Trying to find details about the average Nurse salary isn’t as straightforward as it used to be. With so many different types of nursing careers available today, you need to be more specific and look at various nursing salaries by specialization. Searching simply for how much a nurse makes isn’t quite enough these days.
This website is here to help. We have presented detailed data for salaries across the major nurse / nursing careers making it easy to find all the relevant information in one place. Below you’ll find figures for the most popular nurse specialties and if you read down the page you can find out more details about each type of nurse.
You can also go straight to the different types of nurse salary across the top menu of this page. Here we have much more detail about average wages by hour, week and annual salaries – for all states in the U.S.A.
We have also compiled detailed Guides:
All have a complete overview of the careers and explain more about job descriptions, salaries, training and employment prospects.
There is a lot of information in this website but hopefully it is laid out well and will be easy to find what you are looking for.
- 1 Popular Average Nurse Salaries
- 2 Nurse Salary – Specialized
- 3 Registered Nurse (RN)
- 4 Licensed Practical Nurse (LPN) and Licensed Vocational Nurse (LVN)
- 5 Nurse Practitioner
- 6 Employment Outlook for All Nursing Jobs
Popular Average Nurse Salaries
The nursing careers in the table above are the most common ones but the list goes on. There is a wide range of specialties – below are a few more to give you some ideas.
Nurse Salary – Specialized
Want to know a little more about the different types of nurse listed in the charts above? Here are a few more details:
Registered Nurse (RN)
Registered Nurses are the most numerous of the healthcare professionals and seen as the mainstay of the care system. When people used to talk about a nurse – the RN is the modern equivalent although over the years they have become more highly trained and perform a wider range of duties.
The modern RN now has many more responsibilities and yet they still provide a personal link between patient and doctors. They are now themselves in charge of other nursing staff such as LPN’s, CNA’s and medical assistants (to name a few!).
With the increased responsibility and an emphasis on more clinical work has come a higher requirement in terms of education and training – although their salaries have also improved.
RN Job Description
Providing primary care for patients is still a major role for the modern nurse but as I have said their responsibilities go a lot further now. Staff management features highly, as well as record keeping and patient management. With further specialization within the career, they also are involved with many minor clinical procedures – in fact in some areas specialist nurses carry out many tasks previously performed by doctors. At the other end of the scale nurses now carry out less menial tasks – these are carried out by medical assistants and LPN’s etc. It is a fast changing career with great potential for further education and in turn better earning potential.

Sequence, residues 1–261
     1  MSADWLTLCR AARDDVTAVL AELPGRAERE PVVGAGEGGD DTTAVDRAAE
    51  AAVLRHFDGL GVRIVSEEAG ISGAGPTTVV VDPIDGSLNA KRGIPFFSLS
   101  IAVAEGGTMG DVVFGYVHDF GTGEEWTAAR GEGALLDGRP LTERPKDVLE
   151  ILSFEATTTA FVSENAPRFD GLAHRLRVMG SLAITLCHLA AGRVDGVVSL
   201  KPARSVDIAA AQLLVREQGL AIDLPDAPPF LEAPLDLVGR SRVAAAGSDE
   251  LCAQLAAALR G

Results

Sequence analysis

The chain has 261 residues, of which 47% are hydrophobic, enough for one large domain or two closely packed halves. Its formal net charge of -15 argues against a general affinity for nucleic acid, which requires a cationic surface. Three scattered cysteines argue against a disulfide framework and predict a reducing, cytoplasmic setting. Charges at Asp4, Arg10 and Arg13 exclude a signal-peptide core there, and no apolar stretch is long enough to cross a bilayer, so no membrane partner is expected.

Registered Nurse Training and Education
There are several types of training programs which provide a route to becoming a RN – all require a minimum of a High School Diploma for entry. All RN’s are basically educated to degree level although the training along the way can vary.
Three main types of program are available:
- Nursing Diploma Programs – lower entry level and usually last 3 years.
- Associate Degree in Nursing – ADN, standard degree course lasting 2-3 years depending on your qualifications.
- Bachelor’s of Science in Nursing – BSN programs can last up to 4 years and are seen as the gold standard.
After completion of any course, Registered Nurses are then licensed and managed at state and national level. Before beginning work, RN’s must pass a test called the NCLEX-RN -set by the National Council Licensure Examination for Registered Nurses. Registration as a Nurse is periodically reviewed throughout their career – not surprising given the serious nature of the position.
The BSN programs have almost created a two tier system within the specialty. They are seen as a more professional grade of training and candidates holding BSN qualification tend to be employed more readily and command higher salaries. In fact it is becoming popular for RN’s to enroll in RN to BSN courses – helping to advance their careers.
After becoming qualified as a RN there are also many areas of specialization – again to improve prospects and salary. Some popular progressions include further training to become:
- Critical Care Nurses
- Advanced Practice Registered Nurses (APRN)
- Clinical Nurse Specialists
- Nurse Anesthetists
- Certified Nurse Midwives
- Nurse Practitioners
There are many more and the range seems to grow every year. This further specialization is very common across most nursing careers today.
Read our full Registered Nurse Training Guide for more information.
Employment Outlook for Registered Nurses
Again the projected employment figures are very favorable – forecasts predict a rise of 19% which equals an extra 526,800 RN’s by 2022. At present there are over 2.6 million registered nurses working across all states. Keep in mind that many of the specialist nurse careers are included as separate figures – the 2.6 million is just for RN’s.
A great career with a very promising outlook. The modern nurse also has many ways to further both their training and their earning potential if they so wish.
For more details check our Main Registered Nurse Guide.
Licensed Practical Nurse (LPN) and Licensed Vocational Nurse (LVN)
The first question to clear up is the difference between a Licensed Practical Nurse (LPN) and a Licensed Vocational Nurse (LVN). It’s easy really – they are the exact same profession but in the states of California and Texas the regulatory bodies call them LVN’s – in every other state they are called LPN’s.